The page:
As there is no formal guide (as far as I can tell) I think I'll pitch in and tell you what I've learned so far about the game in terms of competing for that #1 Spot on the Leaderboards (you'd better take notes, dustin).
When you start out, you have the option of choosing any combination of cats that you would like to have. They can be toggled in the bar on the right side of your screen; shaded means not selected, while colored means selected. Then simply click on Survival instead of Adventures.
I highly recommend starting with just Jazz , because Spark and Quasar are not all that good. Jazz is a fast cat, but she is still easy to control. Although Spark is smaller than Jazz and nearly as fast, I still think he's not as good because he is harder to touch and move quickly in a crisis (which is actually because of his size, which at first appears to be an advantage). Spark is alright though, so if you prefer him, then go ahead and use him. Quasar, on the other hand, is very bulky and clumsy. Controlling him is kind of awkward because he is too big, and he's very slow compared to Jazz. The one advantage that you have as a cat is your high speed and high maneuverability, and as Quasar I think you sacrifice that far too much.
I very highly suggest you only start out with one cat, whichever one it may be. This is because in survive mode your score is calculated by (Base Score/Number of Cats at the Start). That means if you start with two cats your score will be cut in half regardless of how long both cats were actually in play. Your base score is divided by 3 when you begin with 3 cats. Starting with multiple cats is hardly worth that kind of penalty since it is hard to focus on both cats at once. In addition, you can earn 'bonus cats' as you play, which practically negates any advantage you get from starting with more cats (more on that later though).
When you start out in survival mode it will just be your cat(s) and the collectables on the map. Those collectables are gems, mice, and stars (these are much rarer than the other two, so one probably won't be on the map when you begin). Collecting any of these will give you points which are added to your score. You can check how many of each you've collected by simply looking at the top right corner of the screen.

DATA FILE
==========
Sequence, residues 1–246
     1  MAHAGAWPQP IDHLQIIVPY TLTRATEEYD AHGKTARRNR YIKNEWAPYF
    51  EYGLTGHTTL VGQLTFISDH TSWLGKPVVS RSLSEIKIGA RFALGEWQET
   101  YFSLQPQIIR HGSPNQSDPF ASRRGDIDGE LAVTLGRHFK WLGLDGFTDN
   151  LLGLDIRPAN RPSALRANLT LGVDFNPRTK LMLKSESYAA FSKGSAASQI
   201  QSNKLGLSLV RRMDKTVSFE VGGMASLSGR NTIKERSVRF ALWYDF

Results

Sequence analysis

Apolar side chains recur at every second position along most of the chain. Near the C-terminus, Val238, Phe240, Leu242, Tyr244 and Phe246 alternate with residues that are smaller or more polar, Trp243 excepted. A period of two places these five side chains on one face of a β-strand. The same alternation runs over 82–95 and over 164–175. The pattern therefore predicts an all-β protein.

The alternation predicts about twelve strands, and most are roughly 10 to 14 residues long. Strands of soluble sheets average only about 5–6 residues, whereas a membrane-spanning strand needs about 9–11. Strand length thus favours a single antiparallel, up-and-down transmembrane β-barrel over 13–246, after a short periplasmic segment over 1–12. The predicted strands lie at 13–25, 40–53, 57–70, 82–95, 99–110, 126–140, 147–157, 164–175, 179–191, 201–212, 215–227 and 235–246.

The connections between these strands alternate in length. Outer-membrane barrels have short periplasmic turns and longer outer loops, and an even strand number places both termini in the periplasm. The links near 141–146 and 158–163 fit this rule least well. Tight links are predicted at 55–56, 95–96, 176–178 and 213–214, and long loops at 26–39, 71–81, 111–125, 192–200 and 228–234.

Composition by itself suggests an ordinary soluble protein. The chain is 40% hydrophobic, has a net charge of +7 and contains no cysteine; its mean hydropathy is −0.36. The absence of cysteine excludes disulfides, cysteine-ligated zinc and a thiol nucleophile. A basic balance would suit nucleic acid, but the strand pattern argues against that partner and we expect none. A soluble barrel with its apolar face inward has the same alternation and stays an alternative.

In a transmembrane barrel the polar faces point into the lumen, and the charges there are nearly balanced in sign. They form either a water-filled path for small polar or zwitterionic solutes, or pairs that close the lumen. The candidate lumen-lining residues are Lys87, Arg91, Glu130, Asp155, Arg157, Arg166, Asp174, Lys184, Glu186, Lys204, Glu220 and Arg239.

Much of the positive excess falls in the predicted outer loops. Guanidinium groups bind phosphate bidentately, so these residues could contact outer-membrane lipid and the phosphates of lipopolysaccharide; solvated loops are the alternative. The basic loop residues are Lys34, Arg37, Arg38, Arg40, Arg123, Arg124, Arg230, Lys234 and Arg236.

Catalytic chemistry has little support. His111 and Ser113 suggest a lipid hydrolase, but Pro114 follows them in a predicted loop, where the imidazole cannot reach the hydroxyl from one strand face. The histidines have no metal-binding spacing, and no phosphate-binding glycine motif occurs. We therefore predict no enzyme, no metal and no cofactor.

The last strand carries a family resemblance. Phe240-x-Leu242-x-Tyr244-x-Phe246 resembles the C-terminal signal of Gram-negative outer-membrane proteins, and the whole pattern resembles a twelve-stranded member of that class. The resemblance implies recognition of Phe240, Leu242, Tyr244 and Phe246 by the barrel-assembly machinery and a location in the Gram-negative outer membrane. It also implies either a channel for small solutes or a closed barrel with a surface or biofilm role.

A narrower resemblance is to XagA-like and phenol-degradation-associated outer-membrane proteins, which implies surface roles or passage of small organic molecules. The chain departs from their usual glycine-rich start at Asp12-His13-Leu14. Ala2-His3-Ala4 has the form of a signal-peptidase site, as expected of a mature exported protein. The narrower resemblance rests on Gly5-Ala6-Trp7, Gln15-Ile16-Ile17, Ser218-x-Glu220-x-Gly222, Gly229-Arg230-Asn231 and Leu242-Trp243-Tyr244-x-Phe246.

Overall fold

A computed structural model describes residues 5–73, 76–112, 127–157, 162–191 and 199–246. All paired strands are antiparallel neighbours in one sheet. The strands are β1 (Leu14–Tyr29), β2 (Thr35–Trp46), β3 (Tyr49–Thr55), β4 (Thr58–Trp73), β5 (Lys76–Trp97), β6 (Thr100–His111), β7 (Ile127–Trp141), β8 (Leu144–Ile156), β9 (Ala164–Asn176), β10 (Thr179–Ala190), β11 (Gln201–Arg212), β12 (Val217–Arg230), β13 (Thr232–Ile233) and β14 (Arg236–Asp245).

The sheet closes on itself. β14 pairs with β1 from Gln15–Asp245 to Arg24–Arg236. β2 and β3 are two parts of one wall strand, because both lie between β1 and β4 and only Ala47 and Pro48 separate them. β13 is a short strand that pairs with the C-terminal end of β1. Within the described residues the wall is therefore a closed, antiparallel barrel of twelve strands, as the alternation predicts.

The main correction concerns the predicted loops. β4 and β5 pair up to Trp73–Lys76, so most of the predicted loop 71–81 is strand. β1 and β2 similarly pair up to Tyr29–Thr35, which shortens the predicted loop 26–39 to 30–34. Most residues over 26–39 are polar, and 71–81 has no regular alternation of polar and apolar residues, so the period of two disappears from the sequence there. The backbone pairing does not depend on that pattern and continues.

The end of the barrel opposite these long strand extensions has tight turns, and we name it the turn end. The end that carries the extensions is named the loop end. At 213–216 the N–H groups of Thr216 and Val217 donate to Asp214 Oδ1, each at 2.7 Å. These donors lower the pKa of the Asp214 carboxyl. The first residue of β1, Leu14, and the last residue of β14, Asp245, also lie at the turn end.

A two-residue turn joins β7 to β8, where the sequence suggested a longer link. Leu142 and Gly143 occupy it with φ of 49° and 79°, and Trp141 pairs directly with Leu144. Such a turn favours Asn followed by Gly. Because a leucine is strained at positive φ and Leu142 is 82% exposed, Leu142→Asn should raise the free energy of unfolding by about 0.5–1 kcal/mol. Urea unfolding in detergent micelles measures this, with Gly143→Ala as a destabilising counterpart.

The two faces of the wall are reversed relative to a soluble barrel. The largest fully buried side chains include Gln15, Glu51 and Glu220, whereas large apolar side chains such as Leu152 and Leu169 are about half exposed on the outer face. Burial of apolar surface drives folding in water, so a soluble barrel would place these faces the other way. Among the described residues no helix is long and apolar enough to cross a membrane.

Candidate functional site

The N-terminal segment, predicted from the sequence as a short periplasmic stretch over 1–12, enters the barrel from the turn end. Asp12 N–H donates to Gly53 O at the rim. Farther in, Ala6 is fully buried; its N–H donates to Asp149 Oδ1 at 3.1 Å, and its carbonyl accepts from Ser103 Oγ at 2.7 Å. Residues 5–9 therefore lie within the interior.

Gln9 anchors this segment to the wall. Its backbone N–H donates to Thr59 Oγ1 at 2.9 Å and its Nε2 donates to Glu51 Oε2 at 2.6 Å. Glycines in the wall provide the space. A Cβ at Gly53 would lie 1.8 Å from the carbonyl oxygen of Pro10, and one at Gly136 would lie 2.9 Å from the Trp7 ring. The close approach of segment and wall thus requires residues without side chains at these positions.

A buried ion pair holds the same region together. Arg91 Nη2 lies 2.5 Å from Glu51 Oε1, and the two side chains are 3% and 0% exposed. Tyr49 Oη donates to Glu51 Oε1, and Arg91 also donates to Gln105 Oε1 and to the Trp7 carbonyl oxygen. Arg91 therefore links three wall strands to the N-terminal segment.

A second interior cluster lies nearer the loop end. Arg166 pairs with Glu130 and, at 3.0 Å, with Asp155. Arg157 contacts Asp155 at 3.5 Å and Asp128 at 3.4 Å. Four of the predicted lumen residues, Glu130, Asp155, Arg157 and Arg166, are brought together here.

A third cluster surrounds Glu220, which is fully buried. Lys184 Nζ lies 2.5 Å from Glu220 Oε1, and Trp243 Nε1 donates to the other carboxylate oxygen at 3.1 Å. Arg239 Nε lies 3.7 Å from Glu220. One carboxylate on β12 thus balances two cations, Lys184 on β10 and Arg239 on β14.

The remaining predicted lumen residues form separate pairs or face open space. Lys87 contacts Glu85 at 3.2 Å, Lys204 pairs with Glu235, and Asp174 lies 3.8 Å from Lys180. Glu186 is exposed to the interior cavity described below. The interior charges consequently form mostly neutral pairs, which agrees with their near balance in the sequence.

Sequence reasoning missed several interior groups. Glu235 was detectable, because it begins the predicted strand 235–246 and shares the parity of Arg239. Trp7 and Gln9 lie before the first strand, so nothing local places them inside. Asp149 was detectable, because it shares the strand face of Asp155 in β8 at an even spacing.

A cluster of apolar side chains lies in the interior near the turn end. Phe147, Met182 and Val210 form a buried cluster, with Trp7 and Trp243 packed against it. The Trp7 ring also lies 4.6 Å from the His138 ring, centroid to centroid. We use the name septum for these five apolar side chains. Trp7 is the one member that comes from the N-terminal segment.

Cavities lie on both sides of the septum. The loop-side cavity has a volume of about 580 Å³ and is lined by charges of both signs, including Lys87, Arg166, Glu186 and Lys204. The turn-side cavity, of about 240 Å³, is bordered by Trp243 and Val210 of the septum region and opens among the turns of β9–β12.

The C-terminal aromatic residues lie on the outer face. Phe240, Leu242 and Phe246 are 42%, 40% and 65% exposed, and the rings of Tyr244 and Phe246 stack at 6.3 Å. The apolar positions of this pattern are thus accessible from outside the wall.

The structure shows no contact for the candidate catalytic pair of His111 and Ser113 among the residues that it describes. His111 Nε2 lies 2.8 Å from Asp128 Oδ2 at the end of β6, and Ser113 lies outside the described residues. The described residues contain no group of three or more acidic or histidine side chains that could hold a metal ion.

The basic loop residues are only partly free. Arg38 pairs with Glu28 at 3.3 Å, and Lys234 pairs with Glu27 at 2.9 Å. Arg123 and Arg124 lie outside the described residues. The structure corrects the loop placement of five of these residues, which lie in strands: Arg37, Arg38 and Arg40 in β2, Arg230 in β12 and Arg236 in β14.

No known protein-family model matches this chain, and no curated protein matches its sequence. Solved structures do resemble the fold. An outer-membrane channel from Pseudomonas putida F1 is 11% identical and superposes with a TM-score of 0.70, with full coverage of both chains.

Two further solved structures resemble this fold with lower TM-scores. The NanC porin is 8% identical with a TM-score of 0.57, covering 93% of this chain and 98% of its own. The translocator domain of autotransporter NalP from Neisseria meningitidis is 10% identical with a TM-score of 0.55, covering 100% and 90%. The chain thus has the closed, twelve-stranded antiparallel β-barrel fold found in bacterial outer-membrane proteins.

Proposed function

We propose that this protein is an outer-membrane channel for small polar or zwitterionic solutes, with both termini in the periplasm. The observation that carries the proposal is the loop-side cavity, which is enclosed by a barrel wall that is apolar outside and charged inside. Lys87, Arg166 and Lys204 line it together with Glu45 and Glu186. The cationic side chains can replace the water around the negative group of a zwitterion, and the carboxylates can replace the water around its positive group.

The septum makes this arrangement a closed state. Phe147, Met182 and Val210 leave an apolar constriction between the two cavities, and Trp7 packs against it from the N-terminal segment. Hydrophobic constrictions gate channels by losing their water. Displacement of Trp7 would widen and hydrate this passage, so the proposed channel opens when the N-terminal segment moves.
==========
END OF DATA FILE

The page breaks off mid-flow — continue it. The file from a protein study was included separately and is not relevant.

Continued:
With a start of one cat you'll receive 10 points for every gem you get, 80 points for every mouse you catch, and 380 points for every star you snatch. In addition every 20 gems you collect will spawn a new enemy, while every 20 mice you capture will spawn a friendly cat (I've never tested to see what happens if you catch 20 mice when you already have three cats out). Gems are of course the most common and they sit still, which makes them very easy to collect. Mice are always on the map somewhere as well, but they are found in smaller quantities and move away from you. Stars appear only once in a while on the map and last only briefly. As far as I can tell there is no event that triggers a star's appearance. They do seem to appear roughly once every 15-20 seconds though.
In terms of general strategy you should avoid gems nearly all costs. Gems only give a pathetic 10 points, and for every 20 you collect a new opponent appears. It sounds like you're giving up a fair amount of points by avoiding gems, but trust me it's worth it. You only get 200 points for causing a opponent to appear! In comparison, 200 points is only 2.5 mice, and 0.53 stars. This isn't to say you should completely avoid gems; be logical! If you have to pick up 3 or 4 gems to get a star it's worth it. Keep in mind having enemies appear is not necassarily awful, it should just be avoided if you can avoid it. If you have only 3 slow dogs or 1 fast dog and 2 slow dogs you're probably fine, but you should avoid getting anymore if it's possible. Also noteworthy is the fact that enemies can die in pits over time (it is more likely if you lure them, but it is tough to do since the enemies are generally slow and the pits don't last that long).
One other notable point is that tunnels can randomly spawn under you, which instantly eliminates your cat and ends your game if that was the only cat you had in the game. The longer your game lasts, the more likely you are to be killed by a pit suddenly appearing under or directly in front of you. Therefore, you can't afford to be super cautious and avoid all gems. It won't be worth the penalty of missed points (from being unable to catch certain stars and mice) and the lost time.